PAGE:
Although disruption of glucose homeostasis is a hallmark of ageing in humans and laboratory model organisms, we have little information on the importance of this process in free-living animals. Poor control of blood glucose levels leads to irreversible protein glycation. Hence, levels of protein glycation are hypothesized to increase with age and to be associated with a decline in survival. We tested these predictions by measuring blood glycated haemoglobin in 274 adult collared flycatchers of known age and estimating individual probability of recapture in the following 2 years. Results show a strong decrease in glycated haemoglobin from age 1 to 5 years and an increase thereafter. Individuals with high levels of glycated haemoglobin had a lower probability of recapture, even after controlling for effects of age and dispersal. Altogether, our findings suggest that poor control of glucose homoeostasis is associated with lower survival in this free-living bird population, and that the selective disappearance of individuals with the highest glycation levels could account for the counterintuitive age-related decline in glycated haemoglobin in the early age categories.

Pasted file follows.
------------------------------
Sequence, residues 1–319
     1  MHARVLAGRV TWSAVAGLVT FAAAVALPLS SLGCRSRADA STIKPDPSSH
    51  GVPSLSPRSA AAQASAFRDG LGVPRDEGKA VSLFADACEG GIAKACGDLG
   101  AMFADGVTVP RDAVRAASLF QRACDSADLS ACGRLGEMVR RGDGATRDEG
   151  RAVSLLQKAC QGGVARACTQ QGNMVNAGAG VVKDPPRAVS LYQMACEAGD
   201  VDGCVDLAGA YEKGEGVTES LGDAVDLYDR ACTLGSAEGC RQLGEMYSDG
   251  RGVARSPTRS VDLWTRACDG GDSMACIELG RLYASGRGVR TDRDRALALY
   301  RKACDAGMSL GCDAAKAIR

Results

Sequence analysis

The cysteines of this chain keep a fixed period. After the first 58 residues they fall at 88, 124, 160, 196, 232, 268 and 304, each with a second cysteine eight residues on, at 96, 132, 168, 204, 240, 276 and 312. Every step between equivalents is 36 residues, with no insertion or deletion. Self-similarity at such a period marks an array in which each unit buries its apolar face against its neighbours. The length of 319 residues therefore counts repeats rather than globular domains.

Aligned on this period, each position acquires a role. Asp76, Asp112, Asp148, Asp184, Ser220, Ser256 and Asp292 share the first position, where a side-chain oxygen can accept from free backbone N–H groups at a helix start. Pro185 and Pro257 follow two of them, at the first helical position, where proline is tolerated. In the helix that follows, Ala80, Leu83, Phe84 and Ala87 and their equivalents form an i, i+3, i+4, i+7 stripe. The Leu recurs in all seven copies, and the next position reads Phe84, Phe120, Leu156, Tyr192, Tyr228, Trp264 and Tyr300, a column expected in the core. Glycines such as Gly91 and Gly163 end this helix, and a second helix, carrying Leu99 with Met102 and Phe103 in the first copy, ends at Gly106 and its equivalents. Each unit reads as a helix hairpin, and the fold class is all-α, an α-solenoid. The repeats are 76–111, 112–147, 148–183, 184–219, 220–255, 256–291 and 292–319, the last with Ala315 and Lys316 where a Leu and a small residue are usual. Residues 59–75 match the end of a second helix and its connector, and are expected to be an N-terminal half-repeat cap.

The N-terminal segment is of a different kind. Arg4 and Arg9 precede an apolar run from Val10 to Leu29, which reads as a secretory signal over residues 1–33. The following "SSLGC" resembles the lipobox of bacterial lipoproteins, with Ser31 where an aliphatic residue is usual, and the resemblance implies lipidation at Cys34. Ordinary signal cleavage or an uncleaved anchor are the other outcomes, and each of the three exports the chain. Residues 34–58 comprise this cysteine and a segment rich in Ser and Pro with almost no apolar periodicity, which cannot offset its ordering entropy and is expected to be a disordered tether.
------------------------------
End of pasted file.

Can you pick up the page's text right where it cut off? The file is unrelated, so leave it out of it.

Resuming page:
- collared flycatcher
- Ficedula albicollis
Récapet, C., Sibeaux, A., Cauchard, L., Doligez, B., & Bize, P. (2016). Selective disappearance of individuals with high levels of glycated haemoglobin in a free-living bird. Biology Letters, 12(8), . https://doi.org/10.1098/rsbl.2016.0243